Finland's representative ceramic maker ARABIA company. Arabia comes from the Arabian district in the capital Helsinki. There is still a factory here, and it seems that for a while it was possible to tour the factory, but now it has been renovated into a design center and is a direct sales store for Iittala products.
(Mamezara handed out during the factory tour)
Originally ARABIA started as a Finnish factory of Rorstrand in Sweden. In 1873, when the company was founded, it was a territory of Imperial Russia, so exporting tableware from Sweden was subject to customs duties, so it seems that building a factory in Russia also meant avoiding taxes.
At that time, Meissen-style tableware was manufactured with many traditional European bone china decorations. In Northern Europe, the artistic movement that occurred in the middle of the 20th century, called mid-century, led to what is now called "Nordic Modern."
Before that, there were many dishes like Meissen's reheated dishes, and there was no originality or independence in design. However, from around the 1940s, a unique Nordic design sense was gradually created, and it was concentrated around the 1950s to 1970s that it blossomed. Tableware produced at this time is Gustavsberg's Versa and ARABIA's Valencia.
Scandinavian design is characterized by its simplicity and beauty. In Valencia, a painter called a painter colors each tableware by hand painting. To put it in extreme terms, it's just a cobalt blue paint, but the point is that the color is exquisitely deep and not too black.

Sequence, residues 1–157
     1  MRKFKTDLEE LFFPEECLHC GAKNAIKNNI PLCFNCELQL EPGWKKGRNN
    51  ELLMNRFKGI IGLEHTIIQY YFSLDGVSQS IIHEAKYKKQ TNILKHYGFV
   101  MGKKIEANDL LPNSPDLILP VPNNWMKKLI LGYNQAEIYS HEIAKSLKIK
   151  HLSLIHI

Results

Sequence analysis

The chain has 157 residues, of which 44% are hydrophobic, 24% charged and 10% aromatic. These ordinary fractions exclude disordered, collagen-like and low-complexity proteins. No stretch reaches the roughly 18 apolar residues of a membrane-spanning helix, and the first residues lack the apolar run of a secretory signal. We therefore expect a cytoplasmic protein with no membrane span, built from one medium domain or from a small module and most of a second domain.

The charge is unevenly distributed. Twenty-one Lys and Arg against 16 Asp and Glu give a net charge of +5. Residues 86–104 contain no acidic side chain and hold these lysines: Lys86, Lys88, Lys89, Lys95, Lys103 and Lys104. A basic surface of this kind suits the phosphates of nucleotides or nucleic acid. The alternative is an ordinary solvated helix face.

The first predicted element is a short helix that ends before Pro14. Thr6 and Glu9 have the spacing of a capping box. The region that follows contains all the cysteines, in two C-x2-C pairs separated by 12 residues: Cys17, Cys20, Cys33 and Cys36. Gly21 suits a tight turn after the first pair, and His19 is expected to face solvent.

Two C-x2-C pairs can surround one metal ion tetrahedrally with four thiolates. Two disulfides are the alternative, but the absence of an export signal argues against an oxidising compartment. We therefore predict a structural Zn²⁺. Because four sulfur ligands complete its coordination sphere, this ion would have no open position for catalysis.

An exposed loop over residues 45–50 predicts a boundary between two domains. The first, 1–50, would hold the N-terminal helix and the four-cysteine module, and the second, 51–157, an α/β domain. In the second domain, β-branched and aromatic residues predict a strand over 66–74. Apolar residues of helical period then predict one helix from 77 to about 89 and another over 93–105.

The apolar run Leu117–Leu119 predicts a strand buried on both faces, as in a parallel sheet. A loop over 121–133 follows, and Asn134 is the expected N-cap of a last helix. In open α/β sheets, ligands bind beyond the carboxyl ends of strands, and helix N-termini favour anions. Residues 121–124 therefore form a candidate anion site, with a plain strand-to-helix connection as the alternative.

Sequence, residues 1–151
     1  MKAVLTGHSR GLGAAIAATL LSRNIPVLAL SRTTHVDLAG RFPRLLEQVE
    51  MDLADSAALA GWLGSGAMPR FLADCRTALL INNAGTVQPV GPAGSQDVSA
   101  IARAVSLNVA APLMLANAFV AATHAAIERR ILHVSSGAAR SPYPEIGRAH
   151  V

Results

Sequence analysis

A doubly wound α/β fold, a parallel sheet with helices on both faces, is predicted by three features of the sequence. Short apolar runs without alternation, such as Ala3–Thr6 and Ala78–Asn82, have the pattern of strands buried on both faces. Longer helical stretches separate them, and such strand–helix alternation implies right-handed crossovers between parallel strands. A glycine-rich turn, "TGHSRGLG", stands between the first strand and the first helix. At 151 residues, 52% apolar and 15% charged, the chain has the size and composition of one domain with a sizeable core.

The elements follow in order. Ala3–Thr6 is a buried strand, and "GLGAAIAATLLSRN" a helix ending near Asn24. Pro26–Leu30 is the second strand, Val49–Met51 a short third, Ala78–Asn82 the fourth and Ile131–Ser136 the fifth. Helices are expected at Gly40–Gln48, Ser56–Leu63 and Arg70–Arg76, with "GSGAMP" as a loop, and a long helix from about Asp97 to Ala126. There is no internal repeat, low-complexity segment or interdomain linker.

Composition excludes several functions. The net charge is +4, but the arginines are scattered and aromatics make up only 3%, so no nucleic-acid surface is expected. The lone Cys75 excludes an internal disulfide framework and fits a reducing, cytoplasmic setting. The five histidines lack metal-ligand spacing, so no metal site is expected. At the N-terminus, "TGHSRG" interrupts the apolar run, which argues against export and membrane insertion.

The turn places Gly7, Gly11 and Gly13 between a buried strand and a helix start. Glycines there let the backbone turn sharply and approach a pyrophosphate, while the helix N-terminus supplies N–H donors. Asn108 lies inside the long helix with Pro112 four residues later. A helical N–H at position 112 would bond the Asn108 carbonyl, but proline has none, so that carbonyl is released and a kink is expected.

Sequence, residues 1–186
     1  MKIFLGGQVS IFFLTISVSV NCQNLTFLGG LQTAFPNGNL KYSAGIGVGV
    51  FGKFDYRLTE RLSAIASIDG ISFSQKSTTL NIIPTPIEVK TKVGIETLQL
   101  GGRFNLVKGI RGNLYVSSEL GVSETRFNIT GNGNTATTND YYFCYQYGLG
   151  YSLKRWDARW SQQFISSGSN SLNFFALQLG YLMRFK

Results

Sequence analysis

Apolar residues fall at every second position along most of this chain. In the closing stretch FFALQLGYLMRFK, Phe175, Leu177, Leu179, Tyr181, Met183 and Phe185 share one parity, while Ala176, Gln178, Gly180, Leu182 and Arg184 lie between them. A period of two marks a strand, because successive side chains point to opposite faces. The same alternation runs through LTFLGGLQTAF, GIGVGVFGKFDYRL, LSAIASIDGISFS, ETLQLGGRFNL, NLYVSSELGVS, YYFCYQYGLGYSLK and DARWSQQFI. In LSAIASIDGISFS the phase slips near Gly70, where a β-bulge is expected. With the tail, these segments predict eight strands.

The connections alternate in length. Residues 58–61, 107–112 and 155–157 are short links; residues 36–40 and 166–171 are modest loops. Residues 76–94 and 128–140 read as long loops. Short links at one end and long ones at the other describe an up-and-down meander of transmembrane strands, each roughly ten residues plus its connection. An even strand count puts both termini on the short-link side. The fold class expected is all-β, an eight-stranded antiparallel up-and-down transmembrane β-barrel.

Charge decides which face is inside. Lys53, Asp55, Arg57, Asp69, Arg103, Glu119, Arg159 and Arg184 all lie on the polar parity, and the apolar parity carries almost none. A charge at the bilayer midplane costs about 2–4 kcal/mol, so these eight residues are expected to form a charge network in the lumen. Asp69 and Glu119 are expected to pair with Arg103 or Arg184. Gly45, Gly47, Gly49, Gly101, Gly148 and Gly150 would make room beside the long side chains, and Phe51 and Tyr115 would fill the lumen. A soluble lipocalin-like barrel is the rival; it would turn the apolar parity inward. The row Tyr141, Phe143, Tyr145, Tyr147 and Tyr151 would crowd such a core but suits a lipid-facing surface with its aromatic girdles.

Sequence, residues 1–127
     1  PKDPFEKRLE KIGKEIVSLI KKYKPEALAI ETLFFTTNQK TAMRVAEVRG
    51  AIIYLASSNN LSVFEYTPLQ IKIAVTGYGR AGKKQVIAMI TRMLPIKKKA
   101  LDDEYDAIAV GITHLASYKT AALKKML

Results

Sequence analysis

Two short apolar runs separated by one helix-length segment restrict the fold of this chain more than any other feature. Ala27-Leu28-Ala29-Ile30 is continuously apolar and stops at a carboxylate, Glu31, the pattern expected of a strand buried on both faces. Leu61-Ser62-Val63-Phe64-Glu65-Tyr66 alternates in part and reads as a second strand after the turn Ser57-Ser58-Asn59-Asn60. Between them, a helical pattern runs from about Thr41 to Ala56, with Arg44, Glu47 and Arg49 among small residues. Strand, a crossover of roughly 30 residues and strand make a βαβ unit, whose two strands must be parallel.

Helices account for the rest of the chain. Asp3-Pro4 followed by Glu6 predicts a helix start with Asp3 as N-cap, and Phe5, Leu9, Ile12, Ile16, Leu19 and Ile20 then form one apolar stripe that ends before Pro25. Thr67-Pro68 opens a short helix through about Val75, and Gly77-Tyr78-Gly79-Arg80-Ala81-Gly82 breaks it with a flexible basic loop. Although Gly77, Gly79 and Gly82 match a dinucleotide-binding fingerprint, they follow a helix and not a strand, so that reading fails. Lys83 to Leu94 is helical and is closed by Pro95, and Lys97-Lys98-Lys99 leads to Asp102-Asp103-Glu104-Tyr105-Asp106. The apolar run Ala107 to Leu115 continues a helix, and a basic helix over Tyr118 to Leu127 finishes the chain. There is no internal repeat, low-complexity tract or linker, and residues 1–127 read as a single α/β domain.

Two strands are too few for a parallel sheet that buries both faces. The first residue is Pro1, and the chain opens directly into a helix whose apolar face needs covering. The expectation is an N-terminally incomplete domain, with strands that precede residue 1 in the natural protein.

Basically, a pattern is specified for the design, with a plate having a floral pattern in the center and a spiral pattern around it, a soup plate having a more detailed petal in the center, and a cup having a wall pattern. It features a lattice pattern.
(You can see that there were various patterns in Valencia)
Recently, rare dishes have arrived. Valencia was released in 1961, but it is a prototype that seems to have been made the night before.
There is a mixture of floral and lattice patterns, and it seems that this kind of thing was also on the market for a while. Looking at how it was made, there is no signature on the back, and it is a prototype of a prototype because it is sweet and crunchy. This is probably because the ones without the painter's signature on the back were not for sale.
(Only one sign is UP)
Some plates have an UP sign on the back. This indicates that the design itself is Ulla Procoppe's own. The UP is usually separated by a slash and signed by the painter's initials. The fact that there is only UP indicates that it was one of the patterns devised by Ulla Procoppe himself. He may have actually taken the paintbrush.
In the end, the Valencia series was a deformed version of the previous year's Fiesta, with flowers, swirls, and straight lines interspersed in the design.
Valencia, which was named as Chinami series name, is the name of a port town in southeastern Spain. The dark cobalt blue used in the glaze is said to represent the dull color of the Mediterranean sea and the strong sunlight.
Designed in 1961, Valencia was manufactured in Finland for over 40 years until 2002. Since then, it has not been reprinted, and the only ones currently available are those on the vintage market. The later works still retain the hand-painted elements, but the back stamp on the back has been changed to a stamp instead of handwriting.
Ulla Procoppe died of illness in 1968 at the young age of 47, but she was recuperating in the Canary Islands in Spain, and I feel that her heart was always overflowing with love for Spain. Northern Europe is a country with very cold winters, and I think that there is a kind of longing for southern Europe with a warm climate as a culture of begging for things.
Speaking of Northern Europe, Japan is often referred to as a happiness ranking or discussed as a utopia. Winter is especially cold and the sun is extremely short, so we strongly recommend visiting around the summer solstice, known as midsummer.